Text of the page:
A California appellate panel appeared skeptical Tuesday of Johnson & Johnson‘s summary judgment win in an asbestos-talc case, questioning the trial judge’s decision to preclude plaintiffs’ experts’ reliance on third-party testing finding asbestos in consumer talc and pressing J&J to explain its “magical” process for filtering out asbestos particles.
All three judges on the panel appeared leery of J&J’s summary judgment win in a lawsuit brought by a now-deceased man and his family claiming his lifetime use of Johnson’s Baby Powder exposed him to harmful levels of asbestos.
The panel pushed back against J&J’s assertion that there was no triable issue of fact and appeared to agree with the plaintiffs’ argument that the trial judge wrongly concluded that the material underlying plaintiffs’ expert’s analysis was based on case-specific hearsay.
Judge Tracie Brown said there appeared to be a triable issue of fact “unless you assume that there’s some magic in the milling process that removes the mere, even possibility, that asbestos in the mined ore could make its way into the product.”
“I don’t see how you have put forward irrefutable, undisputed evidence that there is some magical mining process that filters out these incredibly tiny particles from the ore before it gets into the product,” Judge Brown told Paul R. Johnson of King & Spalding LLP, an attorney for J&J.
But Johnson said that when cosmetic talc is being mined, it is “selected” and that “in the milling process, they test it.”
Johnson’s responses elicited laughter from opposing counsel Gilbert Lynn Purcell of Brayton Purcell LLPand prompted tough questioning from Judge Jon Streeter.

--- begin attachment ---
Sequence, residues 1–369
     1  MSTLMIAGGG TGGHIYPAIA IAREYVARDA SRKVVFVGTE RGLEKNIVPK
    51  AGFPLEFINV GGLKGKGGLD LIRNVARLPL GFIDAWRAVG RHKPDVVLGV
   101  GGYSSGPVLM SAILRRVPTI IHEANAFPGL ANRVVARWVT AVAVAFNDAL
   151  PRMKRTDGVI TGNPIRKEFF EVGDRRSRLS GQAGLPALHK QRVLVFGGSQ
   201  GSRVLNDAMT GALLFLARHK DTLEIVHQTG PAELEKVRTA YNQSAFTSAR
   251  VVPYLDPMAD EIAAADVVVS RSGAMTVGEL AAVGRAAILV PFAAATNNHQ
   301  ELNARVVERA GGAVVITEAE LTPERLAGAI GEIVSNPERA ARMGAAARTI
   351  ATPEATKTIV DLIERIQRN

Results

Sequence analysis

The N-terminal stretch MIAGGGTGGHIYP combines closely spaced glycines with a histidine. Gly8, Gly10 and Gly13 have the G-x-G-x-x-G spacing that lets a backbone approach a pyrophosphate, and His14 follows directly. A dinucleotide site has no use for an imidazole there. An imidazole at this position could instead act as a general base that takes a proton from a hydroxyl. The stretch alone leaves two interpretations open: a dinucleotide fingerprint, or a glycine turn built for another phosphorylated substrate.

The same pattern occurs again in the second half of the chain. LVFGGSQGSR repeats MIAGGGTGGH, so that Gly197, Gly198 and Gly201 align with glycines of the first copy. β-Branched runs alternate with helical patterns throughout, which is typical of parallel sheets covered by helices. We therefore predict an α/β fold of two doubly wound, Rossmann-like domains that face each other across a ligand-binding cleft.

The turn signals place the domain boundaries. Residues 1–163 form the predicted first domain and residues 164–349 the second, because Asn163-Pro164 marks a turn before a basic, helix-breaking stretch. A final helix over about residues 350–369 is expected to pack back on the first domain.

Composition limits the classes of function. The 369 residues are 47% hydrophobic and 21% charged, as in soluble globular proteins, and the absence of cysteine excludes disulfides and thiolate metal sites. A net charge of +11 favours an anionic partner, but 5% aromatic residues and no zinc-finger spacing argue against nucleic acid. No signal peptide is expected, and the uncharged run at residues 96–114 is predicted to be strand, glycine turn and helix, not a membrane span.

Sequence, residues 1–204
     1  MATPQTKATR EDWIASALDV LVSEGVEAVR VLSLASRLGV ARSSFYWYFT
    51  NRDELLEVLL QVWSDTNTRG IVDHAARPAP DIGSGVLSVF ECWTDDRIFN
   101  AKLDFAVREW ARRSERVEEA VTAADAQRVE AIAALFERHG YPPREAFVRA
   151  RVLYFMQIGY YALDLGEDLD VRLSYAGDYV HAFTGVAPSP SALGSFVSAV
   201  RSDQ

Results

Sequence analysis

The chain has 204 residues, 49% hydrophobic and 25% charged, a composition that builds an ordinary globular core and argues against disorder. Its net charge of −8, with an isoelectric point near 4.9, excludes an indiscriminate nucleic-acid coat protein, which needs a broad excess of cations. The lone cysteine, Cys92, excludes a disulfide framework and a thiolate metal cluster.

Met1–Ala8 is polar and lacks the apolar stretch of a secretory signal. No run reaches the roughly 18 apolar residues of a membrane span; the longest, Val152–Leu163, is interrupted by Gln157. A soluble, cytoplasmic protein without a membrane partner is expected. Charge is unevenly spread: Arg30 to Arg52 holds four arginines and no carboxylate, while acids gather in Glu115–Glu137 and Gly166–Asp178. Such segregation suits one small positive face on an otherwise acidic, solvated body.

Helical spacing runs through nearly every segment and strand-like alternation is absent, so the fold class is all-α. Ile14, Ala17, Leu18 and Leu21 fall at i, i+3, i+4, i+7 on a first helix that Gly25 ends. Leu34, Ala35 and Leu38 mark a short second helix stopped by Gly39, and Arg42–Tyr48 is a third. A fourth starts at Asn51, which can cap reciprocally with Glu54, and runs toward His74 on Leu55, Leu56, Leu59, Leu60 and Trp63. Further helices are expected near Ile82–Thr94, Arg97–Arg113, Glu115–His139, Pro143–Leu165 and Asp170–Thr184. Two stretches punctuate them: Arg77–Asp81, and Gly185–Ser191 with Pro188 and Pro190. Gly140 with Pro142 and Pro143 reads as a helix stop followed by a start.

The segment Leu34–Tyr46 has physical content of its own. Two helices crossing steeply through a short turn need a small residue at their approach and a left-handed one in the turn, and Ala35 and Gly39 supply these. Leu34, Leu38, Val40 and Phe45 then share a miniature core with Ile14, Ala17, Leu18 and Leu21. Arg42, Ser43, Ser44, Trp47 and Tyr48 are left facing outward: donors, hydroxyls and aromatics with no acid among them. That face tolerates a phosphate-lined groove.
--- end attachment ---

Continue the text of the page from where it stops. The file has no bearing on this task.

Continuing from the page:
“We’re talking about particles at the submicron level,” Judge Streeter told J&J’s counsel. “You’re telling us that they do some kind of sorting that screens out for ‘purity’ things at the submicron level based on a visual inspection. How does that make sense?”
J&J’s attorney tried to clarify his argument, saying he had meant to say that “when they mill it, they test it.”
Judge Alison M. Tucher also pushed J&J for any admissible evidence “that would sever the commonsense presumption that if it’s in the mine, it’s going to be in the baby powder milled from the mine.”
Johnson replied, “Even if we assume there are bits of diamonds somewhere in a coal mine, it doesn’t mean that everything taken out of the coal mine is laced with diamonds.” He said the same is true “if we assume there is some asbestos contamination [somewhere] in a mine.”
The Strobels sued J&J in California state court in 2019, making claims that included negligence, product liability and fraud. The trial court judge granted J&J summary judgment in January 2020, and the Strobel family appealed the ruling shortly thereafter.
Purcell, who represents Douglas Strobel’s family, told the panel Tuesday that J&J’s assertion that its talc products are asbestos-free is “baloney.” He said that asbestos fibers are smaller and thinner than the wavelength of light and that J&J has been improperly testing its talc and calling it asbestos-free, when it’s not.
“You’ve got to do transmission electron-microscopy, which is what’s done here,” Purcell said referring to the plaintiffs’ expert’s analysis.
Purcell urged the judges to reverse J&J’s win, saying there was a triable issue of fact given that J&J’s expert found there to be no asbestos in ore, while plaintiffs’ expert says asbestos is present in the ore and in the final product.
The panel took the arguments under consideration.